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Crystalline silica-induced recruitment and immuno-imbalance of CD4 + Tissue Resident Memory T cells promote the progression of silicosis.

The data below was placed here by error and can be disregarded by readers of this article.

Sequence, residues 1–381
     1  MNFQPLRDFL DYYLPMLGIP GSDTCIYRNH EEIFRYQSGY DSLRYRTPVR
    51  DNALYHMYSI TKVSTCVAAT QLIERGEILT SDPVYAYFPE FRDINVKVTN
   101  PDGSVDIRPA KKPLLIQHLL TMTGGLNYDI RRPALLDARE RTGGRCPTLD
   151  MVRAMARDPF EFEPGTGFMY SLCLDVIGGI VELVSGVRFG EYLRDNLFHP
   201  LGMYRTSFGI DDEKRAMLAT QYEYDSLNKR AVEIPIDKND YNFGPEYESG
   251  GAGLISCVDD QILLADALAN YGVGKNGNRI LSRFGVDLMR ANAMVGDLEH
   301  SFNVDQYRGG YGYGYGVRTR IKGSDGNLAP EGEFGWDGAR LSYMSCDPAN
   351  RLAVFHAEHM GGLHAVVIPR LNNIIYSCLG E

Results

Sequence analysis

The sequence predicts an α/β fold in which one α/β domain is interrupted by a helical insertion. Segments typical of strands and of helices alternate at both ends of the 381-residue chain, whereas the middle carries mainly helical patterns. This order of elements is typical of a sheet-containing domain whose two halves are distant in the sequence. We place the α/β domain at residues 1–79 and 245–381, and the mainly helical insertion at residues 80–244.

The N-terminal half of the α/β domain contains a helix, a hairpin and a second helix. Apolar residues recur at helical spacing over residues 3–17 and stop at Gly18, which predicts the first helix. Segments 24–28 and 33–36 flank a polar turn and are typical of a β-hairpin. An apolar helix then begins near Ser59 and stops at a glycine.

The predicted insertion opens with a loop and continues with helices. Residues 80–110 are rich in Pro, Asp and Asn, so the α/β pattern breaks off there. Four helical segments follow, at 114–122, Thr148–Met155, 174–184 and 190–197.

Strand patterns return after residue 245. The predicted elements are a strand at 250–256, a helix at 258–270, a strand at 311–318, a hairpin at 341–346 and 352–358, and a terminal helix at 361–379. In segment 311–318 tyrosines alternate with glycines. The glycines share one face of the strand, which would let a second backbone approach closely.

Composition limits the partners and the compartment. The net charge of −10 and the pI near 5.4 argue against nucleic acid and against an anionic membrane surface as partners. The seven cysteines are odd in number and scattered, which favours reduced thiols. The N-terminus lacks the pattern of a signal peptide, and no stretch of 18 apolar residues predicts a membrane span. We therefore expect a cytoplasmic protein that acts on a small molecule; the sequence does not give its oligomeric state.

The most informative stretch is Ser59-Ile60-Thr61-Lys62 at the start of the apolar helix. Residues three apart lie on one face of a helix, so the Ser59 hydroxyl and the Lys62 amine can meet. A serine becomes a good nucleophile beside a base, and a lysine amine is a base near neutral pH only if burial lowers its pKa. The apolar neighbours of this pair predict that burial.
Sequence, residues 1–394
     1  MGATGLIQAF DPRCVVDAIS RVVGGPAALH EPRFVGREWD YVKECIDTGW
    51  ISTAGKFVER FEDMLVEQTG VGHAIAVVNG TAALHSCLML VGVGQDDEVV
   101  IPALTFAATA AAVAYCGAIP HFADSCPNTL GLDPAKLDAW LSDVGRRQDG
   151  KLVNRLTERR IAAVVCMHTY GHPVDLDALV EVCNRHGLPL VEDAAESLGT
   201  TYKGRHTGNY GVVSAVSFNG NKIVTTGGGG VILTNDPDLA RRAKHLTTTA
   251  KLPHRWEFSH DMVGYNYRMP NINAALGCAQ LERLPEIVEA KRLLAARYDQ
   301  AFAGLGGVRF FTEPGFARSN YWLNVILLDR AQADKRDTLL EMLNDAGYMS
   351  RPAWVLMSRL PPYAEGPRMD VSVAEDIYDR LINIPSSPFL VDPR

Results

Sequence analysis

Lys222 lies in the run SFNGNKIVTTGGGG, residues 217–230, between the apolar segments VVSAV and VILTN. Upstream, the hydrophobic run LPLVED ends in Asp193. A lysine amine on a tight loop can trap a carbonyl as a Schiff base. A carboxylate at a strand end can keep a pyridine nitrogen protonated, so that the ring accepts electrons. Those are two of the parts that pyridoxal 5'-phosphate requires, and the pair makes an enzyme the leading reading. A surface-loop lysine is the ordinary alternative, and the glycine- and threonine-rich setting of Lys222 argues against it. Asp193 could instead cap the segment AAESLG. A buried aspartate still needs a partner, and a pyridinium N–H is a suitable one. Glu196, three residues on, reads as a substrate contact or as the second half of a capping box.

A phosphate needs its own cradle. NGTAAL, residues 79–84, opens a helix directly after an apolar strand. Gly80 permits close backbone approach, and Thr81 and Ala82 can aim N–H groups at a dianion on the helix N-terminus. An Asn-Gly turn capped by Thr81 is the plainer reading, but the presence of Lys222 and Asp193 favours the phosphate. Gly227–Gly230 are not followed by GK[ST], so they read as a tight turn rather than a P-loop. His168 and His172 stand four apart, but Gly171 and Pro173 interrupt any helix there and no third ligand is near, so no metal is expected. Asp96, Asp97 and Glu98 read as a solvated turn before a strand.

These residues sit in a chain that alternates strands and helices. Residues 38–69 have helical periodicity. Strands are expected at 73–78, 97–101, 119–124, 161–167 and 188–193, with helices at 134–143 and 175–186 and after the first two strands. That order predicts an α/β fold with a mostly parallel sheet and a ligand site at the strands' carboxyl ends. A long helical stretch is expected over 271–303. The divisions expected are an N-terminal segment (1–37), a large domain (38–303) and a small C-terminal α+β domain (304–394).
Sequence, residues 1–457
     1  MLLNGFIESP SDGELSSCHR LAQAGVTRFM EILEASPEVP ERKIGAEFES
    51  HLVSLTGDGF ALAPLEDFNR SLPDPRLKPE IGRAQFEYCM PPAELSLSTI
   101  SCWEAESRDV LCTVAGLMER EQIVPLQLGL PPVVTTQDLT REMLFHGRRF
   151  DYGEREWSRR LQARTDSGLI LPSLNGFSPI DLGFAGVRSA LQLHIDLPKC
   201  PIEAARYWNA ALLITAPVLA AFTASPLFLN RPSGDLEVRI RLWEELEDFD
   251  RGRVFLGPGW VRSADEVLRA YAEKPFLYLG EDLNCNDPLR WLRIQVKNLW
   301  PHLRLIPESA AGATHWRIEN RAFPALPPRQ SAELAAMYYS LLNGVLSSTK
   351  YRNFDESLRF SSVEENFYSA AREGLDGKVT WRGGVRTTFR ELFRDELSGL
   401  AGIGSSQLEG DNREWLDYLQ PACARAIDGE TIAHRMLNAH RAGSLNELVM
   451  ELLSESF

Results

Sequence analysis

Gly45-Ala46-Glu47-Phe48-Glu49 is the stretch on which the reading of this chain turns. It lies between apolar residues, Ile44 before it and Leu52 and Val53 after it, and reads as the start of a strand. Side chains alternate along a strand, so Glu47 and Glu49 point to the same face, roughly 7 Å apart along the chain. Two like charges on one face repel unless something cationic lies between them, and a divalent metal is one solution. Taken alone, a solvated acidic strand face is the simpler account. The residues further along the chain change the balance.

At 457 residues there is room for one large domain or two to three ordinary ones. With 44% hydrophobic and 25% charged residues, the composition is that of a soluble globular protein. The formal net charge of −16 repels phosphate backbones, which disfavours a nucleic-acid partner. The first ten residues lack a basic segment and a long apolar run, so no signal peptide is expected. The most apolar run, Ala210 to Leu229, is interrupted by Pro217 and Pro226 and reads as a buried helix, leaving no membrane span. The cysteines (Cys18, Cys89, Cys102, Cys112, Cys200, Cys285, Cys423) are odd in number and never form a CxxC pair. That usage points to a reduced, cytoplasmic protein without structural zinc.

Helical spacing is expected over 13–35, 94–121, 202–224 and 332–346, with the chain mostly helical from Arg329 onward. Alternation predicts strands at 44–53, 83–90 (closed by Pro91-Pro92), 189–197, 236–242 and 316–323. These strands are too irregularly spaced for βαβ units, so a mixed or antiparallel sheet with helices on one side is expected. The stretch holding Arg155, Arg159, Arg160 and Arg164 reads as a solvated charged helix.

Background: Occupational crystalline silica (CS) particle exposure leads to silicosis. The burden of CS-associated disease remains high, and treatment options are limited due to vague mechanisms. CD4 + tissue-resident memory T cells (T RM) accumulate in the lung responded to CS particles, mediating the pathogenesis of silicosis. Methods: Based on silicosis murine model by single intratracheal instillation of CS suspension, we further employ adoptive transfer, FTY720 treatment, and parabiosis murine model to explore their source. After defining T RM cell subsets by CD103 and CD69, we intervene CD103 +subset and block IL-7 signaling to alleviate silicosis. Results: The CD4 + T RM cells are derived from peripheral lymphocyte recruitment and in situ expansion. Specifically, T RM-Treg cells depend more on circulating T cell replenishment. The cell retention markers CD103 and CD69 can divide the T RM cells into effector and regulatory subsets. However, targeting CD103 + T RM-Treg cells do not mitigate disease phenotype since the T RM subsets exerted immunosuppressive but not pro-fibrotic roles. We further dissect that IL-7 signaling promotes the progression of silicosis by tuning the maintenance of T RM-effector T cells. Conclusion: Our findings highlight the distinct role of CD4 + T RM cells in mediating CS-induced fibrosis and provide potential therapeutic strategies for silicosis.